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Saturday, September 7, 2013

Subtracting Across Zeros

The words "subtracting across zeros" can make a third or fourth grade teacher's hair stand on end. All of that crossing out and mess of nines and tens. How can we teach this skill (and the underlying concept) so that our students will truly understand?

Yesterday I tried something new. Each of my students was given four sheets of Kovich Class Cash (thousands, hundreds, tens, and ones), each with ten bills.

As they cut out their funny money, excitement grew. Comments like, "The bigger the bill, the more Mrs. Koviches you get," and "Can we keep it?" and "I'm rich!" could be heard.

Each child organized his/her money on the top of the desk to represent a place value chart.

Then the subtracting began. I explained that the money at the top of the desk was the bank. In the first problem, we began with the number 1000. Each child put a $1000 bill in the middle of his or her desk.

The problem was revealed on the screen in front of the class.

We discussed the fact that taking two hundred dollar bills, seven ten dollar bills, and six one dollar bills away from a single one thousand dollar bill would be impossible. Instead, we would need to go to the bank.

Each child exchanged one thousand dollar bill for ten hundred dollar bills. On the screen I showed how this appears in the common algorithm.

We established that we still had $1000. Ten hundreds equals one thousand. But could we take two hundreds, seven tens, and six ones away from ten hundreds? No. We had to go back to the bank.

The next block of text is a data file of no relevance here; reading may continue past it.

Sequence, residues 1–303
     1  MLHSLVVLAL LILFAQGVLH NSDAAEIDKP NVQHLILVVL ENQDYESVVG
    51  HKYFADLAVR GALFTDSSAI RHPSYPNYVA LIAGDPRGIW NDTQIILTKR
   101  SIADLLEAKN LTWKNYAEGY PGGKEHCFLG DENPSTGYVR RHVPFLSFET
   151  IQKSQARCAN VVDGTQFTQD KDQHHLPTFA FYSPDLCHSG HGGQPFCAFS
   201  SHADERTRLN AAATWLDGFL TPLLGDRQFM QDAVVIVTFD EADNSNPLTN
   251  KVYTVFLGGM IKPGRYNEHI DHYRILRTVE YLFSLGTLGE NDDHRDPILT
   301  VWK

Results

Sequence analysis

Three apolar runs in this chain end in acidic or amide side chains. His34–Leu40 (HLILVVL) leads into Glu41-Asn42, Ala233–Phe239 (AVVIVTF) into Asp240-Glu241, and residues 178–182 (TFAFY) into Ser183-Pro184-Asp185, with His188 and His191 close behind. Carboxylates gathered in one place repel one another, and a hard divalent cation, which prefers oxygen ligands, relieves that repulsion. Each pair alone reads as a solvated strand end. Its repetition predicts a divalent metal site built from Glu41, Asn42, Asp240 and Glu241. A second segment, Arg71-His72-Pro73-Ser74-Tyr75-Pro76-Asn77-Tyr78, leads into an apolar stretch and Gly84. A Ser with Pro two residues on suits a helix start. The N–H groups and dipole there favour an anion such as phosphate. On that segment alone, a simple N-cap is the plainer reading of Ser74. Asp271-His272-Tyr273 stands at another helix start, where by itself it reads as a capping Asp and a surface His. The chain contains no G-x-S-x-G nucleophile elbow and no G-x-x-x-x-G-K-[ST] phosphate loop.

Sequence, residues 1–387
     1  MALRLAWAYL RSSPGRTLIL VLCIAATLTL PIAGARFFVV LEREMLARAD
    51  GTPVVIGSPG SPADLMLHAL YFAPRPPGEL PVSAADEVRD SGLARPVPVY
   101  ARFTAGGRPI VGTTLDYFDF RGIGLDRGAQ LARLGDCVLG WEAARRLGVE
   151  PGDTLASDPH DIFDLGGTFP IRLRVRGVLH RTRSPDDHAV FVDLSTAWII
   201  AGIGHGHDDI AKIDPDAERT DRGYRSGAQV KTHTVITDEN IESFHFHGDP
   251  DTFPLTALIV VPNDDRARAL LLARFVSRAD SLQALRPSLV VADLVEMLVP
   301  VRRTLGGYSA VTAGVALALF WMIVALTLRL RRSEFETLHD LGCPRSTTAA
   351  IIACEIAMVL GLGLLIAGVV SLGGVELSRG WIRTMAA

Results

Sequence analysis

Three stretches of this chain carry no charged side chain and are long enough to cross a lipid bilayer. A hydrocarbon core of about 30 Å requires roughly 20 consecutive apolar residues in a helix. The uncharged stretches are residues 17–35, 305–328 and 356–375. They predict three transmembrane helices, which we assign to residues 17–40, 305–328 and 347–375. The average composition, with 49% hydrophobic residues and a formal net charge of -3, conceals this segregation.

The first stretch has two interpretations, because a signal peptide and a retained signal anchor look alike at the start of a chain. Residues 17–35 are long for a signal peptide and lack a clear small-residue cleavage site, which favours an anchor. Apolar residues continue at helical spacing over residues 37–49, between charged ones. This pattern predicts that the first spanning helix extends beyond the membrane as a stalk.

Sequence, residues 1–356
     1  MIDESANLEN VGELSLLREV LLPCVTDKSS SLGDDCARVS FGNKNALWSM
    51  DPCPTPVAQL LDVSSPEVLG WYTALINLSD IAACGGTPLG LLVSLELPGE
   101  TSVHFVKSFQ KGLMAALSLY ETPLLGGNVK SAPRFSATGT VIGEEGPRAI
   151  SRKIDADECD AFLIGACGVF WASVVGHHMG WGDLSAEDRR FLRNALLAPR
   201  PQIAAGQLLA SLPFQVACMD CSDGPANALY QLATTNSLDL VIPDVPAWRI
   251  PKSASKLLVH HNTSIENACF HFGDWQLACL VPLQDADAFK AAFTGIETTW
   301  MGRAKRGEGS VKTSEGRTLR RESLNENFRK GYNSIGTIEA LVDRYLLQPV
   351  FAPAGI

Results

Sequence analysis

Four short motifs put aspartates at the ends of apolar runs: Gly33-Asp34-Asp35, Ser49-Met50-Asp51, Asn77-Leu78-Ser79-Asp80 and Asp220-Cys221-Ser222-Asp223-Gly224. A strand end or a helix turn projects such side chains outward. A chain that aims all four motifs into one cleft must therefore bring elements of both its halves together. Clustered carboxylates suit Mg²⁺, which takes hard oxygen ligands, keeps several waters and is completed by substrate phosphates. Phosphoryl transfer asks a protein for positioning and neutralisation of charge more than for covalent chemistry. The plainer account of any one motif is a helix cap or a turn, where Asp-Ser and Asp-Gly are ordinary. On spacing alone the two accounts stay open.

The students took one hundred to the bank and exchanged it for ten tens. Then we looked at our algorithm again. 

Now we had nine hundreds and ten tens. Did this still equal 1000? Yes! Could we subtract two hundreds, seven tens, and six ones? No. Back to the bank.

One ten was exchanged for ten ones. Now we had nine hundreds, nine tens, and ten ones. Did this still equal 1000? Yes! And here's how our algorithm looked:

Could we subtract two hundreds, seven tens, and six ones? Yes! Yay! The students busily arranged their bills on their desks, taking 276 away from 1000.

When the flurry of activity was over, seven hundreds, two tens, and four ones were left. We again looked at the algorithm. Yep! 724. That's the same as seven hundreds, two tens, and four ones.

After this, we worked a half a dozen or so more problems, moving faster and faster. Eventually we moved to working the problems without the funny money. When the time came for each student to subtract using paper and pencil on their own, a few used their funny money to get started.

P.S. Due to popular demand, I have created a PowerPoint presentation and class cash templates that you can use in your classroom. Subtracting Across Zeros with Class Cash is now available in my Teachers pay Teachers store.

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